32—Satchel, The Life and Times of an American Legend by Larry Tye

Satchel Paige was the P.T. Barnum of the baseball world. "He was, arguably the best pitcher to ever throw a baseball." This ultimate showman was a consumate story teller and incredible baseball pitcher rolled into one. His ability to throw a baseball with precise accuracy coupled with his exaggerated performance on the field excited crowds and brought more people to the the park than any other player, black or white (with the possible exception of Babe Ruth).

Paige was instrumental in the effort to integrate major league baseball. His age, 42, and his ego were two of the reasons he was not the first Negro in MLB. He was, I believe, the fourth Black to be in MLB and the first Negro to be inducted into the MLB Hall of Fame.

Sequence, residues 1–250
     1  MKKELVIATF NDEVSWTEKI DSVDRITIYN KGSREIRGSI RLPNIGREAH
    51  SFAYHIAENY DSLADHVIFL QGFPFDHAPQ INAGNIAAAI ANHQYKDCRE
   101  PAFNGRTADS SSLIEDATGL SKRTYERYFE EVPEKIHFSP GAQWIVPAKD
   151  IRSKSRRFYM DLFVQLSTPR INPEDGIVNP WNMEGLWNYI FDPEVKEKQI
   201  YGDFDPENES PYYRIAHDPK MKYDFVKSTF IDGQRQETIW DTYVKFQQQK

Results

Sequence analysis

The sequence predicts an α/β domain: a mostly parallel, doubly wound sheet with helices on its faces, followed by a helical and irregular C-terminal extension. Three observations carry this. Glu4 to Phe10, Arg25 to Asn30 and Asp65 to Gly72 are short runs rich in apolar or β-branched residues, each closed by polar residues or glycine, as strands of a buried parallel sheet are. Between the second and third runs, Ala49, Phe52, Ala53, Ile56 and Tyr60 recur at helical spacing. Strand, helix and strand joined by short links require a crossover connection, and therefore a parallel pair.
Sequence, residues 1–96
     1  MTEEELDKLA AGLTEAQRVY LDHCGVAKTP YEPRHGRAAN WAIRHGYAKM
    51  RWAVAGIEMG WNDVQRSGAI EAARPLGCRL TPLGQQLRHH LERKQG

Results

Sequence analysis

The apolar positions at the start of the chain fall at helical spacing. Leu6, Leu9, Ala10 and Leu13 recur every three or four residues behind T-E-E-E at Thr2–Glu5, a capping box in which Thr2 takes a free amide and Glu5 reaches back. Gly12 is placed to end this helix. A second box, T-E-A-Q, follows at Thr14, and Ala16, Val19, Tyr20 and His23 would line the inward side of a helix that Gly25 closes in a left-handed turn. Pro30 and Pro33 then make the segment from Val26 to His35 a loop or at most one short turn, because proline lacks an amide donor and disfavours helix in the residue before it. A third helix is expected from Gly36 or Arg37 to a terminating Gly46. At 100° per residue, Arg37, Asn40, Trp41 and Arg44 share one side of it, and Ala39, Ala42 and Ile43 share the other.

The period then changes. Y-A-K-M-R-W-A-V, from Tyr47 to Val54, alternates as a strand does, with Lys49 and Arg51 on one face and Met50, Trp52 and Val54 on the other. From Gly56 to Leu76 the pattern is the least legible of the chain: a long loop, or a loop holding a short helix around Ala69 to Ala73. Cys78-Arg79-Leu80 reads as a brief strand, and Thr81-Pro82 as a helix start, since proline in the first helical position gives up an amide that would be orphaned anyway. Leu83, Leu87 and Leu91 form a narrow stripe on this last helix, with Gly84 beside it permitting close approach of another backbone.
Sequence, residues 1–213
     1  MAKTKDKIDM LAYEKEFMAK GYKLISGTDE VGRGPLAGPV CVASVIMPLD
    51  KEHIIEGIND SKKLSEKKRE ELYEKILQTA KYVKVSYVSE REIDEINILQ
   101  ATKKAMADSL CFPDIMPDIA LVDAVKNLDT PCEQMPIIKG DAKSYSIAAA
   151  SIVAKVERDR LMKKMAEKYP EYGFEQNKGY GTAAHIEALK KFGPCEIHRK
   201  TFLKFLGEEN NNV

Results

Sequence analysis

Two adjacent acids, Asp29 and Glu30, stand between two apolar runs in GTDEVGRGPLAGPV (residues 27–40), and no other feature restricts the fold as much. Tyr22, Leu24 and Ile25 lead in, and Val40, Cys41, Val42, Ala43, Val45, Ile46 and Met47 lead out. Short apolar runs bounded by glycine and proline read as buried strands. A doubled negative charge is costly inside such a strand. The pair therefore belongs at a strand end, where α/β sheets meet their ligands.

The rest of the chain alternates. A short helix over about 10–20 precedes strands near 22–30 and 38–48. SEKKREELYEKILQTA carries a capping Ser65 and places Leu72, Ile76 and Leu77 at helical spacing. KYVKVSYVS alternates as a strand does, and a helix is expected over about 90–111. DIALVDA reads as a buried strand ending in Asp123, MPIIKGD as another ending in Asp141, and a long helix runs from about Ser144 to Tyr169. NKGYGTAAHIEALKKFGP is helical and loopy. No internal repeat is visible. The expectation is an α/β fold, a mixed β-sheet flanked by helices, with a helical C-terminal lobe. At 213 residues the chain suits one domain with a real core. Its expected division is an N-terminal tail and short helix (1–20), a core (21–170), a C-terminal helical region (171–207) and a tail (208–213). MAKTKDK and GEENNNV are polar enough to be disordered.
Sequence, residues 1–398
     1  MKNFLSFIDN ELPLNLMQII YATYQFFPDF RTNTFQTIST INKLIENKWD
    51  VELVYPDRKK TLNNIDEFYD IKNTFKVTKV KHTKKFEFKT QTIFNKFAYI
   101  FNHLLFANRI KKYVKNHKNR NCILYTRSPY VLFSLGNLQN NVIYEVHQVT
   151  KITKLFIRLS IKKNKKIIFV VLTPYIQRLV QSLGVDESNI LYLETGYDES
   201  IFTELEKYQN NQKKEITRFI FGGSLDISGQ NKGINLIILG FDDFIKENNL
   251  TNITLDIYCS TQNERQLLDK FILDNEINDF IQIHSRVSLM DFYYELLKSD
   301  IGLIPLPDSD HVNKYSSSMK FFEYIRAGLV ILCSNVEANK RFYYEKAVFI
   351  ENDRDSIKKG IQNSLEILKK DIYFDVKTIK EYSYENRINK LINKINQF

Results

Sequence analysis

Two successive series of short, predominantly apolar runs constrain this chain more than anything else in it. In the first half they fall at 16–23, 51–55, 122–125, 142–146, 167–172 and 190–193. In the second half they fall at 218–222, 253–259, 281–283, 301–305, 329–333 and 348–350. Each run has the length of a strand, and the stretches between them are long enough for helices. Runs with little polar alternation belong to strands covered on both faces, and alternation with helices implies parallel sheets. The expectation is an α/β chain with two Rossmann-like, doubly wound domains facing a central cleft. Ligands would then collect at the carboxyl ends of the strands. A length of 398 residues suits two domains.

This biography of Paige is a history of Jim Crow, too. Paige was not militant, but rather a quiet campaigner. In the off season his team of the best Negro ball players barnstormed the country playing the best of the white players. He also formed mixed teams and barnstormed with them. Wherever he went he drew crowds of thousands, all of whom came to see Satchel. All of whom could see what the segregated major leagues were missing.

Tye delves into the man, the myth, the times, and baseball. Paige was an interesting, complicated man. The book is a good read.

© Surveyor of the Passing Scene